The Herald Bulletin

October 23, 2013

Primus Mootry: We must weather the storm of far-right idiocy together

By Primus Mootry
For The Herald Bulletin

“Master, the tempest is raging!

The billows are tossing high!

The sky is o’er shadowed with blackness

No shelter or help is nigh ...”

Gospel hymn

Peace Be Still

Will the Capitol Hill madness ever cease? For the remainder of President Obama’s term, I think not.

Out of sheer spite, racist innuendo, and blatant partisan politics, a far-right-wing faction of legislators who call themselves Republicans are hell bent on keeping the storms of dissent blowing wild.

These windbags kept Republican House Speaker John Boehner and our government hostage for 16 days. What did they win? Nothing.

In fact, their foolishness cost you and me — taxpayers — $24 billion, and still counting. How’s that for the thing they say they love so much: fiscal responsibility?

This group of Congressional rebels shut down government and, in the process, threw 10s of thousands of Americans out of work, forced the closure of a wide variety of government services, damaged the mainstream Republican Party brand, and hurt the American people.

Even conservatives call their actions “a fool’s errand.”

Hold on. There will be another budget crisis, another fiscal cliff, and yet another opportunity for this faction to prove that fools are as likely to get elected as reasonable men and women. They can’t wait.

It doesn’t seem to matter that their antics won them nothing this time around. Nothing, that is, except the disrespect of 75 percent of Americans. Curiously, they see this disrespect as evidence that they are, in fact, heroes.

They wrap themselves in the flag, quote Bible scripture, and tell their benighted constituents that unpopularity is the price of true courage. Boehner, they say, is a coward. And Obama and his damnable Obamacare are the true villains.

They can afford to say whatever they want. To the point, their base is beyond the reach of big business and mainstream Republican politics. Through gerrymandering, or redistricting to ensure they will win local and state elections, they play to a political base that carries the Confederate Flag in one hand, and “Don’t Tread on Me” in the other.

In an attempt to fairly judge this faction, I have carefully listened to what they have to say. I watch Fox News, CNN and MSNBC. I read the Wall Street Journal, the Washington Post, the LA Times, and other newspapers and magazines, liberal and conservative.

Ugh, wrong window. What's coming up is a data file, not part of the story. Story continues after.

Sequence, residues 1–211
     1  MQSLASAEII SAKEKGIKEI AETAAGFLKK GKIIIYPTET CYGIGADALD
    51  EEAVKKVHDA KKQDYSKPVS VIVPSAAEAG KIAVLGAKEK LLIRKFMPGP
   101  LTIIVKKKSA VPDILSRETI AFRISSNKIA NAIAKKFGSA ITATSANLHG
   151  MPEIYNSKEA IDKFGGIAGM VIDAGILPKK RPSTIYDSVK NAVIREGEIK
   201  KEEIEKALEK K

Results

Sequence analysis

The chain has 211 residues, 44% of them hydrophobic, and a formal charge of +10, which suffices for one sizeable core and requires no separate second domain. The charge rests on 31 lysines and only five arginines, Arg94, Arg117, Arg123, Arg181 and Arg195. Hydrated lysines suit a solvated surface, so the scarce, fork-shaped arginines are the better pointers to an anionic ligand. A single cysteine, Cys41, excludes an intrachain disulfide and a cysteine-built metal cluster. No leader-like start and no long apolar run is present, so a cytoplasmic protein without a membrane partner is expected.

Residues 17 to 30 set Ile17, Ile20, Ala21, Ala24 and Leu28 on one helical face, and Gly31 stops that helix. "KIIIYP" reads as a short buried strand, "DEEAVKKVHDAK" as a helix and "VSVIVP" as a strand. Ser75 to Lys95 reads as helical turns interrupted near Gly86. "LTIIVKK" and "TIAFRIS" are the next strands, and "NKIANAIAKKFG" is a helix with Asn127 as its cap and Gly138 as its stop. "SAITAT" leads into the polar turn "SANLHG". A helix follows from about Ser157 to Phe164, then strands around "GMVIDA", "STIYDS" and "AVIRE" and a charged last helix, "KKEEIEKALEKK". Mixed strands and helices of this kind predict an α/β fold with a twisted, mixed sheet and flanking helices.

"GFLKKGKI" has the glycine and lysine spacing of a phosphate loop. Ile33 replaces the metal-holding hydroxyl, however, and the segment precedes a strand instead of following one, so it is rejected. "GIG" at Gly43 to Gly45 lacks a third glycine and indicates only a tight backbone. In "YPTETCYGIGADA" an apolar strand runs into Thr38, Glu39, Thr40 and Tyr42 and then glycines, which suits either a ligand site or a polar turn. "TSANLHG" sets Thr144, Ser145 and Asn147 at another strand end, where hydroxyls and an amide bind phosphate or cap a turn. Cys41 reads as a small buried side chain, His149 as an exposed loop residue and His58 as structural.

In my readings and listening, I can honestly say that the social, political, and economic faculties of people such as Texas Sen. Ted Cruz, Michelle Bachman, Mitch McConnell, Sarah Palin, Dr. Ben Carson, and their radio champion, Rush Limbaugh, are highly suspect.

I have listened to them. And I have heard nothing worthy of a grown-up conversation. It is the language of know-nothings and barking dogs. Still, they are there, and they have proved that they are a force (a farce?) to be reckoned with — a political tornado that threatens everything in its path until it spins itself out.

I have listened. Have you? If so, tell me what one thing they have had to say about jobs and job creation, health care for nearly 50 million uninsured Americans, re-building our crumbling infrastructure, improving our schools, and how about climate change? On these and many other issues, sorry to say, I have heard nothing from the far-right faction that makes any grown-up sense.

And so, for the time being at least, we are caught in a storm of rhetoric, partisan bickering, “dog whistle” demagoguery, mudslinging and race-baiting. Whether we weather the storm depends on what we, with the help of God, collectively do and say to quell it.

Although we may have come to this land on different ships and for different reasons, we are all now in the same boat, and on the same stormy seas. I suggest our best chance for survival and progress lies in our ability to row together toward new, solid ground. This is not some wild-eyed philosophical opinion. It is, I think, common sense.

I believe — I know — we have more in common than we have in differences. Read. Listen. Be still. At this crucial moment in the history of mankind, we must not sacrifice the inexhaustible, priceless gift of God-given intelligence for a sack full of dime-store demagoguery.

It will be one way or the other. And, as always, we have a choice to make.

Have a nice day.

Anderson resident Primus Mootry is a retired school teacher. His column appears Wednesdays in The Herald Bulletin.